Blind, no, but impaired, yes. Functional problems can occur at any point along the dry AMD continuum, and yet the perception exists, even among some retina specialists, that people with dry AMD don’t lose vision, said Dr. Mogk. She attributes this assumption to a 1984 report stating that 10 percent of wet AMD accounts for 90 percent of legal blindness.3 But legal blindness is a government construct, established to define the point at which to compensate people who are unable to support themselves, she explained. “Legal blindness is not an index of function,” Dr. Mogk said, adding that the functional deficit begins long before 20/200. “You can have significant vision loss without a definable blind spot,” she said, adding that many people with dry AMD and drusen have lost contrast sensitivity, which dramatically affects function. “With respect to acuity, by 20/50 you’re having difficulty, and at 20/70 you’re definitely in trouble.”

    Geographic atrophy can be similarly confounding. Before the loss of foveal vision, patients may exhibit good single-letter visual acuity when tested on the chart, yet have difficulty reading or recognizing faces. Drs. Mogk and Sunness both have patients who can read newsprint but not headlines, because a large paracentral scotoma surrounds the spared foveal center that isn’t large enough to contain the whole word. The patient can’t read the 20/400 letter on the chart but can read the 20/50. For such patients, simple magnification is often ineffective.

    Investigational Therapies for Dry AMD

    Attempts to fight dry AMD are under way. Here are some current investigations:

    AREDS2. This NEI trial builds upon results from the earlier Age Related Eye Disease Study, which found that high-dose antioxidant vitamins and minerals reduced the risk of progression to advanced AMD by 25 percent, and reduced the risk of moderate vision loss by 19 percent. AREDS2 will refine the findings by adding lutein and zeaxanthin to the formulation.

    Ciliary neurotrophic factor (CNTF). Neurotech has developed an encapsulated cell technology in which cells are engineered to produce large amounts of CNTF, a naturally occurring substance that in animal models protected against further degeneration. The phase 1 study is complete, and a phase 2 study is being organized for patients with retinal degeneration and geographic atrophy.

    Complement inhibitors. Support for a paradigm that links aberrant complement activation with AMD was revealed in studies associating AMD with three genes, including factor H. Collectively, the three gene variations account for nearly 75 percent of all AMD cases in European and North American populations.1 The unanswered question is whether inhibiting complement so late in the disease process will alter disease progression or vision loss.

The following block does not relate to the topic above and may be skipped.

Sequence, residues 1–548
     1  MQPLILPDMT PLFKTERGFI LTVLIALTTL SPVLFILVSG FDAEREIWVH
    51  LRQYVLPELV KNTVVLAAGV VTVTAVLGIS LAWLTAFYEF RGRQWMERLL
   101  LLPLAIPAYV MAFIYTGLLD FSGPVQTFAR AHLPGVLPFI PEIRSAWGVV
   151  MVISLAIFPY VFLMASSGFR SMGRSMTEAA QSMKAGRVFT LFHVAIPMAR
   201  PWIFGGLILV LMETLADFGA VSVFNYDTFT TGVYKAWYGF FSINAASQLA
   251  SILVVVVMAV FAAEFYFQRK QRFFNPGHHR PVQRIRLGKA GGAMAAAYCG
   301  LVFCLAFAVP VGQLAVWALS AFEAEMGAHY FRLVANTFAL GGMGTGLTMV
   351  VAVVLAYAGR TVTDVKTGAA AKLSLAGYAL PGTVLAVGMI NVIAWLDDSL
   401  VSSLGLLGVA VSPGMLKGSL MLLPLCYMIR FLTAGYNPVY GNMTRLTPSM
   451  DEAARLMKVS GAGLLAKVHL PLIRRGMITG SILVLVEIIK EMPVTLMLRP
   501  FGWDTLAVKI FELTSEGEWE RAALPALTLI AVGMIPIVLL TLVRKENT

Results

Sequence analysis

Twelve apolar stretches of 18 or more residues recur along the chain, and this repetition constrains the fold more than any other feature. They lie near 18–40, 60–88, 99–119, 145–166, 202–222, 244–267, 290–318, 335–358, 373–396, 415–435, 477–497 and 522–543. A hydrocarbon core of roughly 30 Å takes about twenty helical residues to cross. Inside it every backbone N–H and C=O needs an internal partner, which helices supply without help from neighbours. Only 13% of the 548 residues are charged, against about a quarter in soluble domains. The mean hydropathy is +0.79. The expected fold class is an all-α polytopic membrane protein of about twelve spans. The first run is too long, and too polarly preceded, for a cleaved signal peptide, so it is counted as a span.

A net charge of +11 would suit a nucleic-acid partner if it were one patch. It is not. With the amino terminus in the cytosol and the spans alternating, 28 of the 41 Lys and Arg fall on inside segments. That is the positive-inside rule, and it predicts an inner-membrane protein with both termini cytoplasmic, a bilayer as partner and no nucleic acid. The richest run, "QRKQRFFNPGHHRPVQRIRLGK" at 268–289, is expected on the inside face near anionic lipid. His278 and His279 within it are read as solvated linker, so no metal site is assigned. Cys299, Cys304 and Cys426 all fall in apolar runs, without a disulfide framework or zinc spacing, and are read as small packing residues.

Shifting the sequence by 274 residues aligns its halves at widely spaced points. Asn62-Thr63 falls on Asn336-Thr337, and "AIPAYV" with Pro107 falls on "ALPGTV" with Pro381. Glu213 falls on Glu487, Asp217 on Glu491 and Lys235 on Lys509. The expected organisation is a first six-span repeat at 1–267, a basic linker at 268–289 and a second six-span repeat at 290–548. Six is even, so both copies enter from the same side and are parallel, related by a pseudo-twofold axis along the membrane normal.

Glatiramer acetate. This drug, marketed as Copaxone, is an immunomodulatory agent approved to treat relapsing-remitting multiple sclerosis. It may also work in the eye. An ongoing study will test whether Copaxone arrests the progression as well as the conversion of dry to wet AMD.

    Fenretinide. This agent halts accumulation of lipofuscin and toxic vitamin A metabolites. A two-year, phase 2 dose-ranging trial by Sirion is under way.

    POT-4. Potentia Pharmaceuticals announced a phase 1 clinical trial in March 2007 to test this complement inhibitor. POT-4 is designed to shut down the complement activation system that could lead to local inflammation, tissue damage and upregulation of angiogenic factors such as vascular endothelial growth factor.

    OT-551. This agent, developed by Othera, may protect RPE cells and photoreceptors from oxidative damage and block angiogenesis stimulated by VEGF and other growth factors. Othera is now conducting a randomized, double-masked, dose-ranging phase 2 trial. The NEI is also testing OT-551 in a pilot study of three-times-a-day dosing to halt progression of geographic atrophy.

    1 Gold, B. et al. Nat Gene 2006;38(4):458–462.

    Treatment Is Elusive

    There is not yet an established medical treatment to offer dry AMD patients. (See “Investigational Therapies for Dry AMD.”) But these patients can be offered hope. “Don’t say nothing can be done,” said Dr. Mogk. “Don’t tell patients they’ll be blind. Tell them they will always have usable vision and that there’s help out there to use it optimally. Offer hope and encouragement, but don’t tell these patients that they’re lucky.”


    1 Sunness, J. S. Mol Vis 1999;5:25.

    2 Hirvela, H. et al. Ophthalmology 1996;106:1768–1779.

    3 Ferris, F. L. et al. Arch Ophthalmol 1984;102:1640–1642.


    Dr. Mogk has no related financial interests. Dr. Rosenfeld is an investigator in clinical trials funded by the NEI, Potentia Pharmaceuticals and Othera. Dr. Sunness has been a consultant for Sytera (now merged with Sirion), Neurotech and Othera.